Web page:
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31. 5. 2012.


For a neuron to communicate with another neuron, first in action potential must occur. Once the action potential occurs, it travels the full length of the axon, ultimately reaching the axon terminals. How does the action potential move from the neuron in which it starts to another neuron?

Neurons communicate with each other across synapses. A synapse is the site of action potential transmission from one neuron to another. There are both chemical and mechanical synapses, but the most common type is the chemical synapse, which is our focus. As seen in the figure up, a synapse between two neurons includes:
  • The axon terminals of the neuron sending the action potential;
  • Receptors on the neuron receiving the action potential, and
  • The space between these structures.
The neuron sending the action potential across the synapse is called the presynaptic neuron, so axon terminals are presynaptic terminals. Similarly, the neuron receiving the action potential on the opposite side of the synapse is called the postsynaptic receptors. The axon terminals and postsynaptic receptors are not physically in contact with each other. A narrow gap, the synaptic cleft, separates them.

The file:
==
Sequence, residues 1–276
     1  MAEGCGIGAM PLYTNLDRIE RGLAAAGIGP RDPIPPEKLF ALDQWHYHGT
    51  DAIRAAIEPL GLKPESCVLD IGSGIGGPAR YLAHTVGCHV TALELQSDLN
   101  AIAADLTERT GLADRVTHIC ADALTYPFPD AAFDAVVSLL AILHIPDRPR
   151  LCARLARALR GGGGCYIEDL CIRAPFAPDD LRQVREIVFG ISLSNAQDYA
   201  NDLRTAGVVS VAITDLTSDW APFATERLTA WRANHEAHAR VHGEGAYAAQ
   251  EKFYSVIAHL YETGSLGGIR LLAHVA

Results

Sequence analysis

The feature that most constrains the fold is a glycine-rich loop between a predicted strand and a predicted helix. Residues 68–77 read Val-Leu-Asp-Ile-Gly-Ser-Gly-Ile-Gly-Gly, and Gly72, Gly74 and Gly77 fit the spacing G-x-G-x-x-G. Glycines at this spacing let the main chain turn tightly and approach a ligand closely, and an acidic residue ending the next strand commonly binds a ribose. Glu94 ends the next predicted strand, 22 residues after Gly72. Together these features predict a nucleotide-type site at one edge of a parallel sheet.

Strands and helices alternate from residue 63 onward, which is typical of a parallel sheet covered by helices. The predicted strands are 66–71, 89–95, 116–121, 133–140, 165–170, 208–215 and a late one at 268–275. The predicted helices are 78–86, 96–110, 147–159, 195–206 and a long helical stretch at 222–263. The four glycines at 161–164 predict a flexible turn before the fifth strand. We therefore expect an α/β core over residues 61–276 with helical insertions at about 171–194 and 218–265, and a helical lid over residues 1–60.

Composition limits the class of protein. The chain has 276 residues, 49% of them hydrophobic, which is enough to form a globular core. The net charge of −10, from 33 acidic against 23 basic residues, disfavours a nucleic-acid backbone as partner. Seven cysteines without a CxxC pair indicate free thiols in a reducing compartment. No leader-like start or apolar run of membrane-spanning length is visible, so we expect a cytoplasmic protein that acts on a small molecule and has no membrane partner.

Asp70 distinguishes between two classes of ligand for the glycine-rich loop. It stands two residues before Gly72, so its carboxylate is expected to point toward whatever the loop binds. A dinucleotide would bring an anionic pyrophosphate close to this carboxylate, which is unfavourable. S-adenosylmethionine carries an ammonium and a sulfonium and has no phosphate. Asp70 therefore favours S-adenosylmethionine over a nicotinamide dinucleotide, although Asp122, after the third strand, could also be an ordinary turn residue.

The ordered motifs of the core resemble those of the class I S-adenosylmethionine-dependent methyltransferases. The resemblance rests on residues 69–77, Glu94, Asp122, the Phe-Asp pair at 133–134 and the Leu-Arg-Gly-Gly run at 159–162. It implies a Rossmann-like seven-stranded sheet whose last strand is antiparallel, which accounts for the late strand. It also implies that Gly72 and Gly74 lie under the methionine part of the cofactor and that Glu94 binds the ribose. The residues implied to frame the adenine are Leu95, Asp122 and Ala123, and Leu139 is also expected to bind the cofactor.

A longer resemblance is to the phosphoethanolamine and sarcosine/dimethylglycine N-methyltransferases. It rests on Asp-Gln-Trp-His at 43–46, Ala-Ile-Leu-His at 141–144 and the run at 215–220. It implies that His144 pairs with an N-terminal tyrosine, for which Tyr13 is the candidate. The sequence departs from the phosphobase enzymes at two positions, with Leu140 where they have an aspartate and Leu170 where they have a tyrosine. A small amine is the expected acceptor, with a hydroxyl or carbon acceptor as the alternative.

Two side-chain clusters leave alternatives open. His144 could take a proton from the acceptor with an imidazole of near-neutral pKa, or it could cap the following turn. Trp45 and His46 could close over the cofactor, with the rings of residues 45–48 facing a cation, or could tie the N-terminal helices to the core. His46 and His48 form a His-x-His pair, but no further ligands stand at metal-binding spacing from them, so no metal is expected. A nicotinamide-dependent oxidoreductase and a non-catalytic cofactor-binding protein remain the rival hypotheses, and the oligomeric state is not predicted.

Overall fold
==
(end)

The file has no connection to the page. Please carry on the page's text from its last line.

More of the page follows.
The action potential can be transmitted across a synapse in only one direction: from the axon terminals of the presynaptic neuron to the postsynaptic receptors, usually on the dendrites, of the postsynaptic neuron. Impulses also can go directly to receptors on the cell body: about 5% to 20% of the axon terminals are adjacent to the cell body instead of the dendrites. Why can the action potential go in only one direction?
The presynaptic terminals of the axon contain a large number of saclike structures, called synaptic vesicles. These sacs contain neurotransmitter chemicals. When the impulse reaches the presynaptic axon terminals, the synaptic vesicles respond by dumping their chemicals into the synaptic cleft. These neurotransmitters then diffuse across the synaptic cleft to the postsynaptic neuron’s receptors. The postsynaptic receptors bind the neurotransmitter once it diffuses across the synaptic cleft. When this binding occurs, the impulse has been transmitted successfully to the next neuron and can be transmitted onward.

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